Sri Lanka Bombs Rebels after Seizing their HQ

COLOMBO, Sri Lanka (AP) — Sri Lankan air force jets and helicopters bombed a series of rebel targets in the north and northeast, the military said Saturday, as soldiers pressed deeper into Tamil Tiger territory a day after capturing the insurgents’ de facto capital. The fall of Kilinochchi on Friday dealt a devastating blow to the insurgents’ 25-year campaign to create an independent state for ethnic minority Tamils. It has squeezed them into 620 square miles (1,605 square kilometers) they still hold in the northeast. The rebel-affiliated TamilNet website said the Tamil Tigers had moved their headquarters before the town fell.

Opposition Leader Wins Presidency in Ghana in Peaceful Election

ACCRA, Ghana (AP) — Opposition leader John Atta Mills was declared Ghana’s next president Saturday in a peaceful ballot that secured the West African nation’s place as a beacon of democracy on a volatile continent. The country is one of the few in Africa to successfully transfer power twice from one legitimately elected leader to another, proof that Ghana’s democracy has truly matured after an era of coups and dictatorship in the 1970s and 1980s. But tensions still ran high in what became the closest vote in Ghana’s history, and some feared violence could erupt as it did earlier this year in Kenya — an East African nation that also was a model of stability until a similarly tight 2007 ballot unleashed weeks of tribal bloodshed.

Somali Insurgents Take Over Police Stations

MOGADISHU, Somalia (AP) — Islamic insurgents appeared to be scrambling for power Saturday, taking over several police stations in the capital as Ethiopian troops who have been propping up the government began to pull out, witnesses said. Many fear the Ethiopian pullout — and last month’s resignation of Somalia’s president — will cause Islamic militant groups to fight among themselves for power, bringing even more chaos to this beleaguered Horn of African nation. The most powerful insurgent group, al-Shabab, has taken over most of Somalia. The United States accuses al-Shabab of harboring the al-Qaeda-linked terrorists who blew up the U.S. embassies in Kenya and Tanzania in 1998. Many of the insurgency’s senior figures are Islamic radicals; some are on the State Department’s list of wanted terrorists.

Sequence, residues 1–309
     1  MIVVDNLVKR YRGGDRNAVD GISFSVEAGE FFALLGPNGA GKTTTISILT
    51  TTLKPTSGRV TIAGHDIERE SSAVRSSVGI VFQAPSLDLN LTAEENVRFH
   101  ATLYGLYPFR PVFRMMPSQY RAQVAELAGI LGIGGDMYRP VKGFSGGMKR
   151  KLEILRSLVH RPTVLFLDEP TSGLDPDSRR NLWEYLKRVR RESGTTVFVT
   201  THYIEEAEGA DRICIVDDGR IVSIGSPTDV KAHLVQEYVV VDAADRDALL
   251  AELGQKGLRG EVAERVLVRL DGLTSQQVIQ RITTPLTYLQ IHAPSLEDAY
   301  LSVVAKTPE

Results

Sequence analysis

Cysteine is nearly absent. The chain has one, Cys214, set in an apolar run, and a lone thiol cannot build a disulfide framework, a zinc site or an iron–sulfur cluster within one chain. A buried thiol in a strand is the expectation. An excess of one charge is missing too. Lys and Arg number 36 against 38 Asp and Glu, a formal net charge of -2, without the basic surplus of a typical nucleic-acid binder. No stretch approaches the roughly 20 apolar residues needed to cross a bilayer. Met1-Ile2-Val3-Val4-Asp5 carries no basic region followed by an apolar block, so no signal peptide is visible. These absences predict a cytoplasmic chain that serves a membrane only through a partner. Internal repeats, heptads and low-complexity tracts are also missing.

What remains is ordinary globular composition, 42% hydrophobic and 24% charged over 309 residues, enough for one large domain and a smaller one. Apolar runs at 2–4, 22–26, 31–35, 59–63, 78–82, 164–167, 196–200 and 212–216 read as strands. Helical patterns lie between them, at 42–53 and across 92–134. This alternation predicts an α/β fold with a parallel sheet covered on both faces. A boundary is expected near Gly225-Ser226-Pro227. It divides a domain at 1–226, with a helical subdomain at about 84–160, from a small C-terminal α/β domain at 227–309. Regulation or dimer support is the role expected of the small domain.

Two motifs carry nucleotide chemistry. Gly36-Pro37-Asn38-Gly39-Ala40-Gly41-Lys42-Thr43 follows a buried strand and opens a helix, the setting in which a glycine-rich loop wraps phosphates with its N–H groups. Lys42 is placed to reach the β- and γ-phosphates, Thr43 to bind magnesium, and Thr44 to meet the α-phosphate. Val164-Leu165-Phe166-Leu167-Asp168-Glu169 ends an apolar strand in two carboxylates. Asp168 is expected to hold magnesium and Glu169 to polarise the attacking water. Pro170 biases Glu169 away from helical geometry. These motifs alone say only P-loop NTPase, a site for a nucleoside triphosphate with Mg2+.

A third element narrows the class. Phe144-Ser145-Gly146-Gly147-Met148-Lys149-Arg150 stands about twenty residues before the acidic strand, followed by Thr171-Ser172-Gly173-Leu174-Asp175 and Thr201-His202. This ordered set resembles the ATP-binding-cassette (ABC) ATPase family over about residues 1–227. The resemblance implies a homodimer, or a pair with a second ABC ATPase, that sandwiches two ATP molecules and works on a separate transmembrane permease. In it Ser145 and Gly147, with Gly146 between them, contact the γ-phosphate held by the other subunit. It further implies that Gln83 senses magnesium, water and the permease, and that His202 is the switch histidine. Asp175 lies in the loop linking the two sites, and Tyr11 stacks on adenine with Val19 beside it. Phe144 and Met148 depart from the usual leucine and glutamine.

Deadly Indonesian Quakes Kill 4

JAKARTA, Indonesia (AP) — A series of powerful earthquakes shook remote eastern Indonesia on Sunday, toppling or badly damaging more than 100 buildings and leaving at least four people dead and dozens injured. One of the quakes — a 7.3-magnitude tremor — was felt as far away as Australia and sent small tsunamis into Japan’s southeastern coast. The first 7.6-magnitude quake struck at 4:43 a.m. local time about 85 miles from Manokwari, Papua, at a depth of 22 miles, the U.S. Geological Survey said. It was followed by dozens of aftershocks.